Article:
Because your credit score is more important than you might think, Williams College is offering all employees a new financial wellness program through a non-profit organization, Working Credit NFP. It turns out that mastering your credit score is one of the most important steps you can take to get on top of your finances. And it doesn’t matter what you make – income has no impact on your credit score.
How the Program Works
- Attend a one hour workshop covering how the credit system works; how a credit score is generated; what pushes the score up (and down), and how credit affects your daily finances.
Tuesday, May 29th, 9:00am – 10:00am OR 1:00pm – 2:00pm
- Optional one-on-one credit-building assistance from an experienced Working Credit counselor, who begins by walking you through your credit report and score and developing a budget. Your counselor then builds a detailed Credit Action Plan for you, with steps to take right away to establish or improve your score – and steps you can take in the future – to accomplish your specific financial goals. While credit is the starting point, your counselor can handle a broad array of financial issues – from student loan and medical debt to homeownership. Your counselor works with you for 18 months, sharing a new credit report and score every six months, along with a report that explains what changed since the last report, why it changed, and what you can do to continue to build credit and reap the financial rewards.
The workshop is offered at no cost and one-on-one counseling is available for $5/paycheck ($10/month) for 18 months.
This workshop is designated as eligible for the Wellness at Williams incentive. For more information about the Wellness at Williams Program, see the 2018 Wellness Program Announcement.
- Will my employer have access to my personal information, including my credit score?
No. Working Credit NFP keeps all of your personal information, including your credit report and score, confidential at all times. We don’t share any of your personal information with your employer.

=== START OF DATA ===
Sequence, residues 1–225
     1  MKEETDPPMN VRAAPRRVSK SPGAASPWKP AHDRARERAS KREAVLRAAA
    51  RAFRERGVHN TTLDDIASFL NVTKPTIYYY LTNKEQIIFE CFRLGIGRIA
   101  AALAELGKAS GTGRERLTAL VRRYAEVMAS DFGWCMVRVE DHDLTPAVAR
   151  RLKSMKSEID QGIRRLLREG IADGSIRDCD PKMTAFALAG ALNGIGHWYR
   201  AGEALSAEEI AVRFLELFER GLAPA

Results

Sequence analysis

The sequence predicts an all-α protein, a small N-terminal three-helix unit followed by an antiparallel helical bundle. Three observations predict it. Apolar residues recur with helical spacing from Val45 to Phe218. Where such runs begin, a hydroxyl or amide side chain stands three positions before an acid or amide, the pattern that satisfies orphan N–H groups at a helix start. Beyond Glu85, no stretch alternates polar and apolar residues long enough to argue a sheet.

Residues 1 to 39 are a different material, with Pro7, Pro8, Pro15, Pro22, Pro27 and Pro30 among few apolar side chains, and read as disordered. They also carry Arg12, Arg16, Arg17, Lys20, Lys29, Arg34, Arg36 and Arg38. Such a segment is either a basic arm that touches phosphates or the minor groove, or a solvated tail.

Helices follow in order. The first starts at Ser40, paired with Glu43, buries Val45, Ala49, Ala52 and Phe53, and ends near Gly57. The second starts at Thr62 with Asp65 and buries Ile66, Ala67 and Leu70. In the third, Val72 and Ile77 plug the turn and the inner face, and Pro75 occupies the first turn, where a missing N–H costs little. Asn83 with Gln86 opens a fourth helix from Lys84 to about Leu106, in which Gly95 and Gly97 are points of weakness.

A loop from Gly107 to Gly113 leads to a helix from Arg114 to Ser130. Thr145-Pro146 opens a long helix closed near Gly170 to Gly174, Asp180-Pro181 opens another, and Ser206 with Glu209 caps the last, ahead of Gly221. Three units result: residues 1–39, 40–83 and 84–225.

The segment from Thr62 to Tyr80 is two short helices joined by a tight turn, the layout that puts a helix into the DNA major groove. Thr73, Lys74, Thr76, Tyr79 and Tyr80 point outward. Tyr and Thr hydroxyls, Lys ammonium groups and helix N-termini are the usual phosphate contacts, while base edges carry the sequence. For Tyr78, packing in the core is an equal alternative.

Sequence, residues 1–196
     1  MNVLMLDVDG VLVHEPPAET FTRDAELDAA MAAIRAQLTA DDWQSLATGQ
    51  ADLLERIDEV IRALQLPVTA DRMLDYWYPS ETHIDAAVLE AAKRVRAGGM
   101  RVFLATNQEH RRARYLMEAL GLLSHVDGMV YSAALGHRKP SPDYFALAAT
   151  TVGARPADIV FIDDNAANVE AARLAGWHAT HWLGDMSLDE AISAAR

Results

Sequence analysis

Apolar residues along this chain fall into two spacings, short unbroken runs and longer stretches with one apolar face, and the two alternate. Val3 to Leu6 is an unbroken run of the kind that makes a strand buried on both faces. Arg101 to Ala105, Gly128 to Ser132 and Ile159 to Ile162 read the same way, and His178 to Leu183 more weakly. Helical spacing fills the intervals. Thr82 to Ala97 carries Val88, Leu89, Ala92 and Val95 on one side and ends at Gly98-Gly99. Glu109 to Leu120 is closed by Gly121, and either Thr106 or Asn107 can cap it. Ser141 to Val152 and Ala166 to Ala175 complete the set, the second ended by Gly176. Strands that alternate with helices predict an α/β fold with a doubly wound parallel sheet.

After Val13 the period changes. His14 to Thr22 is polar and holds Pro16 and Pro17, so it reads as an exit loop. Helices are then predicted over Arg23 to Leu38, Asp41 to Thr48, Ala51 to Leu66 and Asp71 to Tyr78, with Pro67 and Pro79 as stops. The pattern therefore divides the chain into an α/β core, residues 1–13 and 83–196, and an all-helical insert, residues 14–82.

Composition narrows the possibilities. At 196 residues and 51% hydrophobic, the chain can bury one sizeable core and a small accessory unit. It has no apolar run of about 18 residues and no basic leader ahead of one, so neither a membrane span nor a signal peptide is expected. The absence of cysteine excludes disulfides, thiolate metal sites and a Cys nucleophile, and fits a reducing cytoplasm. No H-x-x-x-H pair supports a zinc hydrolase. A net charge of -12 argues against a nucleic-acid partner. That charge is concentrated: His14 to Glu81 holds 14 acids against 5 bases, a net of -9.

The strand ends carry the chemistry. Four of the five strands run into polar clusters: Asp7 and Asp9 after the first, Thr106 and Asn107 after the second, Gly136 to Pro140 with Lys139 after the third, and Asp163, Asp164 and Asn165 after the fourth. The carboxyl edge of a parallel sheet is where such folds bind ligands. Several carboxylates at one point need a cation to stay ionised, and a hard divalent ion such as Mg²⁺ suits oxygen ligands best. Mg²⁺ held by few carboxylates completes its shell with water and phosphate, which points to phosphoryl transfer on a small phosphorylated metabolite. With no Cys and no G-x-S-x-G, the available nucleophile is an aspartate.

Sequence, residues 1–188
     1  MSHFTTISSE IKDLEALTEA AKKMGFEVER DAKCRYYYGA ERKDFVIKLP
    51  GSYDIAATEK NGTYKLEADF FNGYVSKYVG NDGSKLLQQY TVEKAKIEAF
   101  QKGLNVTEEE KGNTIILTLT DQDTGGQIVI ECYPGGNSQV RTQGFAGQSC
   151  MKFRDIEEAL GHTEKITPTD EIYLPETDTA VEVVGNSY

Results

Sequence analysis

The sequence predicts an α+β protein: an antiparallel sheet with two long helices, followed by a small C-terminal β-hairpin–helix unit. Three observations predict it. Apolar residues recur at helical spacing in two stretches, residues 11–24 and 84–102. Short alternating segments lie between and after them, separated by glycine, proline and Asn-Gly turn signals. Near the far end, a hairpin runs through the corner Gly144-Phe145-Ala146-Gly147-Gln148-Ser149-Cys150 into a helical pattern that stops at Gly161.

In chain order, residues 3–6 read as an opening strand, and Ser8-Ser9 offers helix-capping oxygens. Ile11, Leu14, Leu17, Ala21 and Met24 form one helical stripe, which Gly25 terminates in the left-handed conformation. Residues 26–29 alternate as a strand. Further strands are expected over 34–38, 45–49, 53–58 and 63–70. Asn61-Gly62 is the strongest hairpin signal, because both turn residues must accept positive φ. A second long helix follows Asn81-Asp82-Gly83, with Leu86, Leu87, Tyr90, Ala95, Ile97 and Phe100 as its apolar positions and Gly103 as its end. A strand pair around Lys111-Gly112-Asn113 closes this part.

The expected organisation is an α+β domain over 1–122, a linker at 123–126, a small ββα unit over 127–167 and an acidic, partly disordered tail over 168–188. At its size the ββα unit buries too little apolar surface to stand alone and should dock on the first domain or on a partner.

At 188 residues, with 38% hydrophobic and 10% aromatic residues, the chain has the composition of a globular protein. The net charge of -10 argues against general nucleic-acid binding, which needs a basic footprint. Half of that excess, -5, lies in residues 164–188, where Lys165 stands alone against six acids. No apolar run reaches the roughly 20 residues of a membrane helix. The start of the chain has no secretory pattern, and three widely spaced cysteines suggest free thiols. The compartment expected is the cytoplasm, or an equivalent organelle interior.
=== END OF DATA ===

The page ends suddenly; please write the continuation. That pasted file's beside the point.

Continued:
- Why Is Credit So Important?
Your credit score is one of your most important financial tools. Credit affects whether you can rent a quality apartment, whether you’ll get a mortgage, and what rate you’ll get when you need to buy a car. It may effect the premium you’ll pay on your car insurance, whether you can get a credit card, and even whether you can access a basic checking account. An example: two people purchase the same car, but one has a good score (670), and the other has a low score (580). The one with a good credit score gets 5% interest on a car loan, while the one with poor credit gets 25% interest. Based on credit score alone, the person with poor credit pays $6,288 more for the same exact car.
- What if I have no score?
Working Credit offers a risk-free, 0% interest credit builder loan that can help you establish a score and save money in the process. Employees with no score can use the product to establish a prime score (over 660) in as little as 6 months. Employees with low scores can use the product to get a 30-50 point increase, also in 6 months. The product is offered at 0% interest and with no fees (through the support of foundation grants).
- What is credit building?
Credit building helps you get positive information onto your credit report. Paying your cable bill, phone or electric bill on time doesn’t build credit because these payments don’t get reported to the credit bureaus. The only way to establish a good score is to open at least one good line of credit—an installment loan or credit card – and manage it well. Working Credit helps you do this.
- How can Working Credit NFP help me?
- If you’re saving for a big purchase, such as a car or home, and want the best rates and terms.
- If you have bad credit, collections or judgments against you, or no credit score at all.
- If you already have good credit, but want to make it great.
- If you’re struggling with student loan debt, even if your loans are in default.
- If you simply want to learn more about the credit scoring system and how it works—either for yourself or to share with your children or loved ones.